Like My Socks? They Cost $200.

The strange world of outlandishly expensive hosiery for men.

Illustration by Robert Neubecker.

Illustration by Robert Neubecker.

Last year, I met a Swiss dude with a taste for luxury. He smoked expensive European cigarettes. Drank the finest spirits. Attended opera by himself on evenings when he was enthralled by the program but could find no suitable companion.

It goes without saying that my pal’s clothes were impeccably tailored. But I noticed that—in between the leather tops of his shoes and the crisp hems of his trousers—he wore bright red socks. Every day, without variation. Which fascinated me. So I inquired. “The red is sensational, isn’t it?” he marveled, gazing down at his own ankles. “So bright, and yet not a hint of orange.”

After much wheedling, I discovered that his signature socks were made by a tiny shop located behind the Pantheon in Rome—best known for supplying tailored clothing to the Pope. I quickly figure out a way to buy these red socks online, and have since tweaked my pal by showing up at his birthday party in matching scarlet hosiery. But my Swiss friend’s attention to his stockings left me with a question: What is the world’s most exquisite dress sock?

Many of us can name the various brands of suits worn by the world’s best-kitted gentlemen. But what about the socks hidden beneath those suits? Surely a market for luxurious male hosiery exists. Yet the fanciest thing I’d ever put on my feet was a pair of freshly laundered, $9 Gold Toes. I wondered just how expensive socks get at the top end of the range, whether they’re worth the price, and, more philosophically, what sort of man is so style-conscious, so rich, and so bonkers that he’d drop significant disposable income on socks.

I called up Alexander Kabbaz, proprietor of the haberdashery website, and perhaps North America’s foremost authority on outrageously expensive socks. You can click here for his dissertation-length essay on sock construction, material, moisture absorption, and “tactile enjoyment,” but for those short on time I will offer a condensed version of his collected sock wisdom:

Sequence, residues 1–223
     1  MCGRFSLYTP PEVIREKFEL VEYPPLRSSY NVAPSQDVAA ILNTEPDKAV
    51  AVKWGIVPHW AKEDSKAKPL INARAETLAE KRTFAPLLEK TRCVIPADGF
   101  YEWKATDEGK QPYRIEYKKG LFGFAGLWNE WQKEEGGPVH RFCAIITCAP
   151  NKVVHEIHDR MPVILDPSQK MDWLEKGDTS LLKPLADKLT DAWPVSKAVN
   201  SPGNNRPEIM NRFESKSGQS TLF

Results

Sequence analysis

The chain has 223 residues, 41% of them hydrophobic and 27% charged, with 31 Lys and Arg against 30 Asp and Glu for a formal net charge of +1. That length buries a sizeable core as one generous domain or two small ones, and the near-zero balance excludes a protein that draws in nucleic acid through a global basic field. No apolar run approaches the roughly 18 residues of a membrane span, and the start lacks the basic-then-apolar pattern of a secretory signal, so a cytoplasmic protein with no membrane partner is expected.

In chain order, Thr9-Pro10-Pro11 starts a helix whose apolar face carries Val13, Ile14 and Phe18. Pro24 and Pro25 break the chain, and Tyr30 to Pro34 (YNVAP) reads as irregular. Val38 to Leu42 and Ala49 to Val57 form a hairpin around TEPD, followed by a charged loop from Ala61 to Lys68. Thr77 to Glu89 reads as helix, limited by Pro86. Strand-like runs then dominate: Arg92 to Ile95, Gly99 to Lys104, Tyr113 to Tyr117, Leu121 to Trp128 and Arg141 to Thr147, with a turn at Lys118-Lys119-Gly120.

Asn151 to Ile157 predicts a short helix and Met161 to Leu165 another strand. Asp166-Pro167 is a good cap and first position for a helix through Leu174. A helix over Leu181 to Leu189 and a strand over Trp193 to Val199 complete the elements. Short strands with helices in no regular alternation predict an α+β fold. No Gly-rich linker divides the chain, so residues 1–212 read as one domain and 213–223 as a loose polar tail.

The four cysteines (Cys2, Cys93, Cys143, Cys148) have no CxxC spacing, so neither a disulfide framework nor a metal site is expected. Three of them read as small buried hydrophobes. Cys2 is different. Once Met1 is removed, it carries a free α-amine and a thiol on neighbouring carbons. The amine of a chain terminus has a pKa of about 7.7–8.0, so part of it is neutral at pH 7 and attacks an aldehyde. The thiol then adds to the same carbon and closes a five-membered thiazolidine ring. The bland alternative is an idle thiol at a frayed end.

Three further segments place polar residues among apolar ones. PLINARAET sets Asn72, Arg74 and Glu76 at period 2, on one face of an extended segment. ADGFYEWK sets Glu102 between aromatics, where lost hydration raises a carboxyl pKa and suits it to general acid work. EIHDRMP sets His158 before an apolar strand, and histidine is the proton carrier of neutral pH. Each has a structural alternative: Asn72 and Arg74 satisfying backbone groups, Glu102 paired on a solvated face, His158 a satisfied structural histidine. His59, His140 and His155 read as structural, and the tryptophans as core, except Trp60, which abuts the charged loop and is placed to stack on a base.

Your most important consideration is material. There are some beautiful, and indulgent, cotton socks that I’ll be mentioning. But it’s good to remember that cotton doesn’t wick away moisture, which means that feet can get soggy and dank. Over time, cotton socks may get shiny, and their trodden-on heels can become crusty and matted. For the sweaty-footed among us, wool is probably the better choice as it hurries wetness away from the skin. Within the world of wool socks, you’ll find different varietals—merino and cashmere, for instance—and some socks mix in a splash of nylon for stretchability.

You’ll also want to think about how high your socks climb up your legs. Ankle-length will simply not do with a suit. Over-the-calf is standard and, to my mind, the ideal choice. Mid-calf may be comfortable but is a bit of a Johnny-come-lately in the sock world: Before nylon’s stretchy superpowers hit the scene, socks could be suspended mid-calf only with the aid of a pair of garters (which have, for understandable reasons, fallen out of favor with the modern male).

Tailored fit is a given with the expensive socks I’ll be talking about here. These are not formless tube socks. They are shaped to hug the curves of your tootsies, and are offered in incremental sizes. Many have hand-linked toes.

Finally, there is appearance. And here’s the interesting part. While an onlooker might be able to judge the quality of your suit from its cut and material, he will be hard-pressed to do the same with your socks. For one, socks are only briefly and narrowly glimpsed from afar when the wearer is standing upright, and revealed more fully only when the wearer sits and crosses an ankle over a knee. Even given time to stare and assess, a spectator will be challenged to draw conclusions from a few inches of fabric hugging a shinbone. And he will be unlikely to reach out and caress the material, as he might with a jacket lapel.

All of which means that appearance is a surprisingly poor way to advertise the princely sum you’ve spent on your socks. You’re much better off with a compelling back story. This is what my Swiss friend understood. And so, I present to you several socks that, when worn and then carefully dropped into conversation (preferably while tugging up a trouser cuff to display them), will 1) lend you an air of sartorial splendor, 2) imbue you with a soupcon of worldly expertise, and, less charmingly, 3) make you seem like an obnoxious fetishist who spends his money on all the wrong things.

From least expensive to most: